How to Tie CFPB Enforcement Up in Knots
While Acting Director Mick Mulvaney is apparently on a tear to defang the Consumer Financial Protection Bureau, some of his actions have flown under the radar. In this and future guest blog posts, I will shine light on one key initiative that largely has gone unnoticed: namely, the twelve Requests for Information that Mr. Mulvaney launched on January 26. These notices, dubbed "RFIs," seek public comment on scaling back every core function of the CFPB, from enforcement and supervision to rulemaking and consumer complaints.
Although the RFIs provide the veneer of public participation, in reality they are slanted toward industry. Many are couched in such vague language that consumers and consumer advocates cannot tell which rollbacks are gaining traction behind closed doors. Just last week, Mr. Mulvaney raised new concerns that the RFI process is infected with bias when he personally pressed bankers attending a meeting of the National Association of Realtors to file responses to the RFIs.
First, some background: In the Dodd-Frank Act, Congress gave the Bureau broad powers to enforce federal consumer financial protection laws. As part of those powers, Congress bestowed on the Bureau the authority to issue CIDs, which are requests for documents and information issued during CFPB investigations. These CIDs have contributed to the Bureau's stellar enforcement track record and resulted in $11.8 billion in ordered relief for over 29 million consumers to date.
In its first RFI, the Bureau invited past recipients of CFPB CIDs and their lawyers to comment on whether the current CID process is too burdensome to industry. The questions in the RFI give a glimpse into Mr. Mulvaney's agenda. They ask whether whether the CFPB should tip off CID recipients by improving their "understanding of investigations" and disclosing investigation documents to the public, contrary to settled practice. The RFI hints at hampering the Bureau's ability to collect evidence by asking whether the "nature and scope of requests included in Bureau CIDs" was too broad. And it asks whether the timeframes for responding to CIDs should be shortened.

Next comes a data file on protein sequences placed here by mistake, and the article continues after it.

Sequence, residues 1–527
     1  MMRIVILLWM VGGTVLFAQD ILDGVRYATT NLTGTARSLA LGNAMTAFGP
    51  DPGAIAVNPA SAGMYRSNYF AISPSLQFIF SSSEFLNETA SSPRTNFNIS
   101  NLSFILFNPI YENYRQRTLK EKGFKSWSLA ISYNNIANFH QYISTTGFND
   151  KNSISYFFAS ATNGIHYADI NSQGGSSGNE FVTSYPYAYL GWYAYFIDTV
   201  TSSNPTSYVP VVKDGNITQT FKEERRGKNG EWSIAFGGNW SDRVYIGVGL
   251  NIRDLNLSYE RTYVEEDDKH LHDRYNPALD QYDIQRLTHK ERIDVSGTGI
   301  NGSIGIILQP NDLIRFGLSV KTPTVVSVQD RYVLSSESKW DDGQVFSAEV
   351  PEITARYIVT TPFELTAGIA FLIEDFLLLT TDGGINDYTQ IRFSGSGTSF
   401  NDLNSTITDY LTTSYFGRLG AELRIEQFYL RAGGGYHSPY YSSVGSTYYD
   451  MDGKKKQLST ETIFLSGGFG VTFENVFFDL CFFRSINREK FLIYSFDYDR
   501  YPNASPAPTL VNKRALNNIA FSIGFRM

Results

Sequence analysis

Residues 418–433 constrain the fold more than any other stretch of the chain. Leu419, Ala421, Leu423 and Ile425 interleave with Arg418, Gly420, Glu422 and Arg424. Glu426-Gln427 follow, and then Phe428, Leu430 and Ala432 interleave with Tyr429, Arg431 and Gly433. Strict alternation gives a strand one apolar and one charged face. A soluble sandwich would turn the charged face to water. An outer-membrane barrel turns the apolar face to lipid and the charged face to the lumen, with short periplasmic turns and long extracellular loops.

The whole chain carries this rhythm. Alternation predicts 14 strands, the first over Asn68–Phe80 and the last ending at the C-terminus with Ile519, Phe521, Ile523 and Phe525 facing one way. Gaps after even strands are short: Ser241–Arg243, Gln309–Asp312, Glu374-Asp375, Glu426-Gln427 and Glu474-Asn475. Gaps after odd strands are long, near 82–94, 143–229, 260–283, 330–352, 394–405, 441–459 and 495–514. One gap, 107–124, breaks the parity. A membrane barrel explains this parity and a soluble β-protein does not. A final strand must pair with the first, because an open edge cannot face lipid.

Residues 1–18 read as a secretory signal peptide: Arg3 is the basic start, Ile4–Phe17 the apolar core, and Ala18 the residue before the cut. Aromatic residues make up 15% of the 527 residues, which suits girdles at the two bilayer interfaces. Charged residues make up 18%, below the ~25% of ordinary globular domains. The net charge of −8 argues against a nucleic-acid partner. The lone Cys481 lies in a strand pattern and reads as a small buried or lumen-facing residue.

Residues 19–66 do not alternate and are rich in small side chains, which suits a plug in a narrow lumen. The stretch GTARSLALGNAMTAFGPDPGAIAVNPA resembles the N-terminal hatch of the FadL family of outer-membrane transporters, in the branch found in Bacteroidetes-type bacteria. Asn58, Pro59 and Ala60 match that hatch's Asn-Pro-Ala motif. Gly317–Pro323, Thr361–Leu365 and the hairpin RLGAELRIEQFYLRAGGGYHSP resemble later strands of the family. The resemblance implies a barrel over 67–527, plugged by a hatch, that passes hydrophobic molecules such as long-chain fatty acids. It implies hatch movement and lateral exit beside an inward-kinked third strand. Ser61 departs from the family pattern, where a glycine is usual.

In their response, Professors Prentiss Cox at Minnesota and Christopher Peterson at Utah, both seasoned former enforcement regulators, explain why the CFPB has exercised its CID powers wisely and argued against curtailment. As they pointed out, nothing in the CFPB's CID authority is new. That authority closely tracks the longstanding CID powers of the Federal Trade Commission and state attorneys general. Courts, moreover, have repeatedly stressed that agencies need broad and flexible CID authority, because CIDs are directed at those who are best in the know and least interested in providing information. Since the CFPB cannot know the exact nature of possible violations in advance--witness the shocking breadth of misconduct at Wells Fargo--the Bureau needs to be able, when circumstances dictate, to issue CIDs on a broad range of topics to a wide set of subjects. Rigid limits on how many topics can be raised, how many documents can be sought, or how many CIDs can be issued in a single investigation would hamstring the CFPB's ability to protect American consumers through large, complicated investigations. This is especially alarming because the CFPB's enforcement priority to date has been to obtain large amounts of relief from large offenders. In Cox' and Peterson's view, "[l]imits on the complexity and number of topics in CIDs could have the unintended consequence of privileging the entities most determined to obfuscate responses so as to prevent the Bureau from discovering the worst abuses."
Laws that are not enforced are laws only in name. We can learn a lesson from Wells Fargo, which even Mr. Mulvaney deemed important enough to hold to account. However the Bureau's new leaders recalibrate their enforcement priorities, they should leave the CID process alone, so that the Bureau can mount full, effective inquiries whenever leadership does deem a case worth investigating.